And if you don't think it's beautiful.. here's a video of one of the songs made from DNA.

Just thought some might find this interesting.. and magical. I now have more questions than answers ... again. But, at least I know that I am made of music, and I hope it sounds beautiful....

Thanks for reading.


Your DNA song
Plato's The Republic PDF
Complete Pythagoras
Ancient Human History encoded into Music
Scientists Discover Genetic Formula for Music

edit on 22-4-2016 by blend57 because: (no reason given)

posted on Apr, 22 2016 @ 11:04 AM
Brilliant. I can't wait to look further into this. Thanks for your findings here.

I read Plato's Republic and remember wondering if it was serious or a very clever joke. It was a bit like a Monty Python sketch. I'll go back to it tonight as part of your gift of research.

posted on Apr, 22 2016 @ 11:05 AM
Fascinating stuff. God is the great composer and his work is within every one of us.


posted on Apr, 22 2016 @ 11:49 AM
a reply to: and14263

Is a very interesting concept. But I am unsure if it is scientifically sound. The whole process behind it.. assigning the 22 amino acids a musical note. Would be interesting to see/hear all the music they have made from each person who has contributed their DNA. If it is as rare and unique as we are as individuals.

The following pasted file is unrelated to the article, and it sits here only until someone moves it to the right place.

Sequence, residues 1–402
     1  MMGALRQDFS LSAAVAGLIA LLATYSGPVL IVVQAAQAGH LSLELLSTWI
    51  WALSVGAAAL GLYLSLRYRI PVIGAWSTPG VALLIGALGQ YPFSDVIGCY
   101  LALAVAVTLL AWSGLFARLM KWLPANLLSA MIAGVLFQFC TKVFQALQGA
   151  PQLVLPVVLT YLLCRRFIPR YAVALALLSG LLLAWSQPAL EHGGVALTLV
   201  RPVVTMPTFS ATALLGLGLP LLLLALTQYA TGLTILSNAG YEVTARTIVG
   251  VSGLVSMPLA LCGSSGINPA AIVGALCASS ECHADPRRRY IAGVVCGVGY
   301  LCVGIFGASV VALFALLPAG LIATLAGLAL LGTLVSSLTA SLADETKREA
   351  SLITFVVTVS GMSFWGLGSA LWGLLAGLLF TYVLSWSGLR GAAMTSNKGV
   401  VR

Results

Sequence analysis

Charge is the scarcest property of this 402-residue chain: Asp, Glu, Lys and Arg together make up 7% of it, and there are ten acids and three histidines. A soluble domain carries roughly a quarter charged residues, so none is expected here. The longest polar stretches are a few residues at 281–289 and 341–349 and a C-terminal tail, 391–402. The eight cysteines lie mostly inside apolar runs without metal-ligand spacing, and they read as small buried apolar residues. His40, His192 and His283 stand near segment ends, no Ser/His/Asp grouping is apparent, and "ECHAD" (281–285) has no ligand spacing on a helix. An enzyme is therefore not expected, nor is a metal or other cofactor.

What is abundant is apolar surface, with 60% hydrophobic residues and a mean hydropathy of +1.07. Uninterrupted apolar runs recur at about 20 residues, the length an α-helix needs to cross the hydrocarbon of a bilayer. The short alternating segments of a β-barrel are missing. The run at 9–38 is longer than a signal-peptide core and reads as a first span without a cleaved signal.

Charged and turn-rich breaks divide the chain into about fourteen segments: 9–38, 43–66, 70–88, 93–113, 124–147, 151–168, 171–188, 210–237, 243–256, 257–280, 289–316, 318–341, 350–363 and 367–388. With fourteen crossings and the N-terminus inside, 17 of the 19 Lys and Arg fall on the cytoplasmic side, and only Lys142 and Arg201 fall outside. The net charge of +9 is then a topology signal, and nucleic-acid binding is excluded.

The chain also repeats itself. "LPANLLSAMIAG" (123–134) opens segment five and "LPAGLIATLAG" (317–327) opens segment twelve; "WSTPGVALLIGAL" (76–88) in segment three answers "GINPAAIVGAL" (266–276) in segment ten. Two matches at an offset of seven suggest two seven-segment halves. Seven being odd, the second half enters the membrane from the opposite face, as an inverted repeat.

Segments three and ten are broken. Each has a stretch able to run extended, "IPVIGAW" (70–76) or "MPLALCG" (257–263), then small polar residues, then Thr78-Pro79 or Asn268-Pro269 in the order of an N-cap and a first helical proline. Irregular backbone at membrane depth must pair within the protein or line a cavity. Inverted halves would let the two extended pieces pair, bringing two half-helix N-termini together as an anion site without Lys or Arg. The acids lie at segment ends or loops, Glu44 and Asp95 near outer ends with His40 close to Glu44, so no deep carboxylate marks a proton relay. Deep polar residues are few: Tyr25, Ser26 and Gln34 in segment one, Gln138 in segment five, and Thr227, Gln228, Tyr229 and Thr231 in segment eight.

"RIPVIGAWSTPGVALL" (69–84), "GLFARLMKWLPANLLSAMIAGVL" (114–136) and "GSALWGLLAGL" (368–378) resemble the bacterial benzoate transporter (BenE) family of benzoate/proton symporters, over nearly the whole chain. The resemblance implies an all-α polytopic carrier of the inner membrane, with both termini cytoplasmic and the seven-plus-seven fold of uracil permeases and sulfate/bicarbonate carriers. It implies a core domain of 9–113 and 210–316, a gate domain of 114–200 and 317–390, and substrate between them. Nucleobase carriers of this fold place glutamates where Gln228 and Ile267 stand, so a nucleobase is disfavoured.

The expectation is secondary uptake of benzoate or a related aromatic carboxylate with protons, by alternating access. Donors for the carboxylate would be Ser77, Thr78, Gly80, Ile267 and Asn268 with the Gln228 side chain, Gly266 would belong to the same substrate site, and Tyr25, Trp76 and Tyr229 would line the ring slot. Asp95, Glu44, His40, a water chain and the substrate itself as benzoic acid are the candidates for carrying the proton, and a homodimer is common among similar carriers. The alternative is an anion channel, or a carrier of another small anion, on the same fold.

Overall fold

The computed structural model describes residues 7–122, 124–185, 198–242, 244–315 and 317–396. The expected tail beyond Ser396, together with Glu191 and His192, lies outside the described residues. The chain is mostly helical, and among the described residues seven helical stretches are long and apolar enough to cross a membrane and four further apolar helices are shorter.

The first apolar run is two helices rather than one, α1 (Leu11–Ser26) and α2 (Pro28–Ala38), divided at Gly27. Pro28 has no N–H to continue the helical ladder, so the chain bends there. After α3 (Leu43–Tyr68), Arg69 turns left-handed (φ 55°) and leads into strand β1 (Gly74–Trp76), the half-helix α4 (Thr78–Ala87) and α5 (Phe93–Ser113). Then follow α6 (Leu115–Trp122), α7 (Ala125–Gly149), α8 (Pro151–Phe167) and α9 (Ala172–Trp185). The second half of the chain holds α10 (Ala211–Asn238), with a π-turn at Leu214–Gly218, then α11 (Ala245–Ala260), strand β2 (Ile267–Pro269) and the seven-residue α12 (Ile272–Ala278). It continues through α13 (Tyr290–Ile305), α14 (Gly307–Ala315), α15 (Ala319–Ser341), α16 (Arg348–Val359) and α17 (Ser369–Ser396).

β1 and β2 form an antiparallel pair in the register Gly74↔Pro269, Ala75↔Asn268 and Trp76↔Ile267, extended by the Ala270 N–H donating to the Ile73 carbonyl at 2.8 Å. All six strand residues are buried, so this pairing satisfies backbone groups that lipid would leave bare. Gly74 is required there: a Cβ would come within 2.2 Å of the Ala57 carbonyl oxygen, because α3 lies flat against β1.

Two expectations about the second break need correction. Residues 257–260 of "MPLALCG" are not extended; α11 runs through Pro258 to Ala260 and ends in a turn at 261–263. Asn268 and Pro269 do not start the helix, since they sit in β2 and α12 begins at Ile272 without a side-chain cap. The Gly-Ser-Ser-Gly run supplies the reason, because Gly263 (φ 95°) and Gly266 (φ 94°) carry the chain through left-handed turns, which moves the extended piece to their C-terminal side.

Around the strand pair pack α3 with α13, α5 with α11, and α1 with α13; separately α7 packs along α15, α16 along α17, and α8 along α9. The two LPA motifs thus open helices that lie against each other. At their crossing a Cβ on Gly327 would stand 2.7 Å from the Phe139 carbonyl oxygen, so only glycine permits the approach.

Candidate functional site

Regarding Plato's works: Some websites made it sound as though all his writings were coded with the twelve notes of the Greek musical scale. Most mentioned The Republic as being the only one. So, I am confused as to whether they found the code in all his writings.

There are so many different ideas and threads that could be created about this...questions that could be addressed and answers revealed. Was hard to try to shorten them down to one post. So, thank you for reading it and I'm glad you found something within it of interest.

a reply to: 3NL1GHT3N3D1

I found it to be quite fascinating. Especially the way we've come full circle. Pythagoras was the first to conceive the idea/thought and we let it drift away until recently. I wonder if it is because we just recently had the technology to pursue it or if we just recently discovered the value in it. Did the ones who invented the process know about the teachings of Pythagoras? Or did they just "discover" the process on their own. Again, a lot of unanswered questions and thoughts for me.